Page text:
Summary: Things aren't always what they seem, and sometimes the simple answer is more complicated than you can even begin to imagine.


Amy Heartlin used to live in the house just down the road. I was ten when she disappeared, and she was seventeen.

The day before, they say Pete Jeffreys asked her to marry him. They'd been seeing each other regularly, though they didn't think anybody knew it but them. But I knew, and Amy's little sister Becca knew. Becca and I had been best friends since kindergarten; everybody in town joked about us being twins.

Anyway... there were a lot of theories as to what happened to Amy, most of them not altogether pleasant. One persistent theory was that Amy turned Pete down, and he couldn't handle it. Killed her (in a variety of grisly ways, depending on who you asked) and hid the body someplace no one would ever find it. Another popular spin on it was that Amy's daddy found out about her and Pete (and possibly that Amy was with child) and went bat-shit crazy. Of course, all of this was just people speculating on something that was none of their business. I think me and Pete are the only ones who know what really happened...

It was three years after, and I was out in back of our house, past the thick line of trees that stood like a wall surrounding the clearing that Becca and I used to play in when we were kids. I can't recall exactly what it was I'd been doing, but out of the corner of my eye I saw Pete. He was just standing there like a statue, staring out at the little pond there with a dreamy look on his face. I don't know what made me call out to him; maybe it was the way his eyes seemed unfocused, or the same slump in his shoulders that had plagued Becca since her sister went missing.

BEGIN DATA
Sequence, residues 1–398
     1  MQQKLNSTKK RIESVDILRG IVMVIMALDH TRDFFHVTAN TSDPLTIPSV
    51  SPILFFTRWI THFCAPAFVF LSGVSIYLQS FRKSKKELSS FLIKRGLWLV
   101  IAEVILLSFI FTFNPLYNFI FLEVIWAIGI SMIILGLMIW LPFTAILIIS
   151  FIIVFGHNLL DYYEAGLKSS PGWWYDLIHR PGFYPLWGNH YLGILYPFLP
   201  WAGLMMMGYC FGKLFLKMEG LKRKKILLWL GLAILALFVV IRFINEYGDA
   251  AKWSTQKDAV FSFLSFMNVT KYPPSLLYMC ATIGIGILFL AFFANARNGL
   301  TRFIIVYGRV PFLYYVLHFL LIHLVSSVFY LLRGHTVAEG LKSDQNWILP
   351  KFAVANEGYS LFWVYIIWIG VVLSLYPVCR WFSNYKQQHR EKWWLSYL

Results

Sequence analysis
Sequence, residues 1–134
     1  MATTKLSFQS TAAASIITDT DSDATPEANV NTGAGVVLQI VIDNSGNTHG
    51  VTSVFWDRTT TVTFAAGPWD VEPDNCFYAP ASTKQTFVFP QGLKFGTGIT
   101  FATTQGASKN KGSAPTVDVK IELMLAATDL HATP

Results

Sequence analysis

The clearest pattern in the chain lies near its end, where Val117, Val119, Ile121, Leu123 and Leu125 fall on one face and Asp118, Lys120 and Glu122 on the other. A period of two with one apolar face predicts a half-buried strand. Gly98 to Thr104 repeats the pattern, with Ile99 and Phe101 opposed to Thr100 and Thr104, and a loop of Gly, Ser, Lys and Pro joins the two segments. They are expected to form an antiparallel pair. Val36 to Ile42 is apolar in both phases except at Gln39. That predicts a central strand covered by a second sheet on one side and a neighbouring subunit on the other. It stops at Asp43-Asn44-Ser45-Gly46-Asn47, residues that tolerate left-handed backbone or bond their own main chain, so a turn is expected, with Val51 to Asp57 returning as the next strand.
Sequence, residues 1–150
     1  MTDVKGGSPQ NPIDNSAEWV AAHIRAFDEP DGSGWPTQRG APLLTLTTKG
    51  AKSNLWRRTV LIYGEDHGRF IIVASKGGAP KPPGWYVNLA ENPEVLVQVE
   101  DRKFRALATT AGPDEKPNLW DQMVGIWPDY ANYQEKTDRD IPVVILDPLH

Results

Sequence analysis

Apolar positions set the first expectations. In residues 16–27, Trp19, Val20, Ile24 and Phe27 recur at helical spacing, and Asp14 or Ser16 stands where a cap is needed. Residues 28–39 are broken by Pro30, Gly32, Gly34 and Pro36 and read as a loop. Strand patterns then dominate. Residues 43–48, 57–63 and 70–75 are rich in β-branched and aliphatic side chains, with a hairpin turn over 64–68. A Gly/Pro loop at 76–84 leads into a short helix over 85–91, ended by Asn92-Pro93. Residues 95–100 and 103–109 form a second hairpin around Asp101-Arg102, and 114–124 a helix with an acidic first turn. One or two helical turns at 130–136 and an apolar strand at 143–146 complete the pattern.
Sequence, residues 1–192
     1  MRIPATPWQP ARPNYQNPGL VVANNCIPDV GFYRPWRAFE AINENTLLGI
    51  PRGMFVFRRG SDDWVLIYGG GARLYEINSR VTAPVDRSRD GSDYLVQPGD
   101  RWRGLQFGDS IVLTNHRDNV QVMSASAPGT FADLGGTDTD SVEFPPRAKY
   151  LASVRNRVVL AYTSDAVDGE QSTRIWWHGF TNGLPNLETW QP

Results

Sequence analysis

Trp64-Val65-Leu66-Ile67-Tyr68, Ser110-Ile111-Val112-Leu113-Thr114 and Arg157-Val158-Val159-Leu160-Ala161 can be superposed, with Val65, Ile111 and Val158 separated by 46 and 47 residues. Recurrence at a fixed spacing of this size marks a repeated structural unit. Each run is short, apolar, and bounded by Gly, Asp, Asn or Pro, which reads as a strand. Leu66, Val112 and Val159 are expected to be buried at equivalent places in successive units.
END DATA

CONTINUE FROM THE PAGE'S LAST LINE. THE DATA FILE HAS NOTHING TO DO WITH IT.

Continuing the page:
When he looked at me, it seemed like he'd just woken up out of a deep sleep. I was afraid to take a step. So we stood there, not ten feet away from each other, just staring.

"She's gone," he said, all of a sudden. And his eyes looked so tired and sad that I couldn't look away, even though I wanted to.

"I have to tell you," he said, walking toward me. I was frozen to the spot in fear. "I have to tell you what happened..."

It was then that I noticed the ring in his trembling hands, an engagement ring. He gripped my shoulders hard, and stared into me with those wild, desperate, sad eyes that haven't left my memory to this day. "Johnny. Johnny. You have to know this..." He licked his lips, and his eyes darted around as though seeking out invisible spies in the trees. He leaned in closer, until our faces were inches apart. What he said next didn't change my life, but it did change the way I would see the world from then on.

It's difficult to explain exactly what happened to Amy that day. She didn't die. She didn't ever leave this town, not in the way one might think. The best way to put it, I believe, is that she moved on. She was never what we thought she was, or who we wanted her to be. We had ourselves convinced that the world around us was exactly as we perceived it to be, and because we only saw what we wanted, we missed what was really there. We are afraid of the strangeness of the world, a strangeness that inexorably shapes us and defines our very being.

No, what happened to Amy didn't change my life... it opened my eyes.